“It’s about building flexibility and resilience and rebuilding market share. We’re coming in and out of lockdown all the time – you need to have that flexibility.”

Australian retailer Petbarn found itself at the pointy end of the pandemic-driven ecommerce boom last year and needing to create new distribution channels. Previously the pet care company had generated 95 percent of sales in-store. It was one year into a digital transformation, using Magento as its ecommerce engine, when COVID-19 hit, in-store traffic dropped as lockdowns came into force, and customers went online.

“Our online sales tripled almost overnight, but we didn’t have the fulfillment network to handle the sudden increase in demand for deliveries,” says George Wahby, CEO of parent company Greencross.

Petbarn pivoted to use its 250 stores as fulfilment centres, offering same-day delivery to customers via a staged rollout – a strategy that now contributes a “significant” and rapidly growing share of online revenue.

2. Test-and-learn experimentation

Agility, informed by customer insight, is highly desirable among organisations looking to regain control and predictability in the current climate. According to Rigby, a combination of agile, test-and-learn experiments online informing offline channel strategies is proving to be an effective strategy for some.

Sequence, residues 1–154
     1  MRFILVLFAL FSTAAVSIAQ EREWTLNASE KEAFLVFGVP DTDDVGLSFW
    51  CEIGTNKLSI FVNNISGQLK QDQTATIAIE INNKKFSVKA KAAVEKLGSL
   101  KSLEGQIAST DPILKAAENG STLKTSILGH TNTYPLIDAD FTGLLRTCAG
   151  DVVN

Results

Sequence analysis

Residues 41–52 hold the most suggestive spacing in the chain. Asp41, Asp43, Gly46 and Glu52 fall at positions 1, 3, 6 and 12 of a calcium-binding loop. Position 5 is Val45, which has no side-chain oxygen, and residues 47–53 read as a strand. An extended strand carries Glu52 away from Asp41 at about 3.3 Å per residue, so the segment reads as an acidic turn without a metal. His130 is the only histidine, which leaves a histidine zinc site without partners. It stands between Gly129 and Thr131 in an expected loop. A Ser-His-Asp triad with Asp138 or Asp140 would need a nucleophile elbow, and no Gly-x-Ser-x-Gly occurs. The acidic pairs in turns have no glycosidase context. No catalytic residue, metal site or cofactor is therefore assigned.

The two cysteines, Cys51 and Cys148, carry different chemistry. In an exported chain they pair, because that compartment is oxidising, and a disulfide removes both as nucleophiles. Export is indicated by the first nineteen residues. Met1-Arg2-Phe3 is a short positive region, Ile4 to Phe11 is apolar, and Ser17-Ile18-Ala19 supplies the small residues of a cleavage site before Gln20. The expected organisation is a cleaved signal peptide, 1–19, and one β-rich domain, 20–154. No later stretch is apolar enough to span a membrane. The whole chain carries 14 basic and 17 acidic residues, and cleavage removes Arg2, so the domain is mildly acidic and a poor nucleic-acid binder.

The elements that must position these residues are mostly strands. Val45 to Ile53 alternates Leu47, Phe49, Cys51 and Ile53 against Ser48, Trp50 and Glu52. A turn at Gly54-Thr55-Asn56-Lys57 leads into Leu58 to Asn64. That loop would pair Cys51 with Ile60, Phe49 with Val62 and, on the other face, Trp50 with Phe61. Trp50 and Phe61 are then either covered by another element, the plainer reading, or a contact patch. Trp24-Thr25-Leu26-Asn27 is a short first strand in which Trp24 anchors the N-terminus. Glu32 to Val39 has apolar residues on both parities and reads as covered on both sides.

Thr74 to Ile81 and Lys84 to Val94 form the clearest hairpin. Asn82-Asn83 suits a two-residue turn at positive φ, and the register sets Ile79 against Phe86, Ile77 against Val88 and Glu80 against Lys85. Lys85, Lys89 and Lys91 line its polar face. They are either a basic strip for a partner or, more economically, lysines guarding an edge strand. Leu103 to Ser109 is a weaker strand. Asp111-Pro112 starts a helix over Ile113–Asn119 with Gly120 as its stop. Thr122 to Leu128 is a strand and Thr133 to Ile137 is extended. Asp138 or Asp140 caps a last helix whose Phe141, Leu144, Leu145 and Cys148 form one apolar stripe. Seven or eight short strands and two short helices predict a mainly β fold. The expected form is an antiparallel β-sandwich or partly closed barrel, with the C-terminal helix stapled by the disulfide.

But marketers need access to flexible content management systems, personalisation and targeting tools to enable them to deliver. And only one in five executives consider their organisation to be “very strong” when it comes to quickly gaining accurate insights, according to the 2021 Digital Trends report.

Experiments in digital channels are helping Petbarn gain valuable knowledge about how to motivate customers to spend more.

A test-and-learn approach using Adobe Target to optimise the online shopping experience with new digital customers led to a 43 percent increase in sales among first-time online shoppers, with learnings rolled out to in-store customers as well.

“Before Target, we always had theories and assumptions, but we never had proof,” says Wahby. “Now the numbers speak for themselves. We’re constantly trying new ideas and tracking the results – and we see every test as an opportunity to learn.”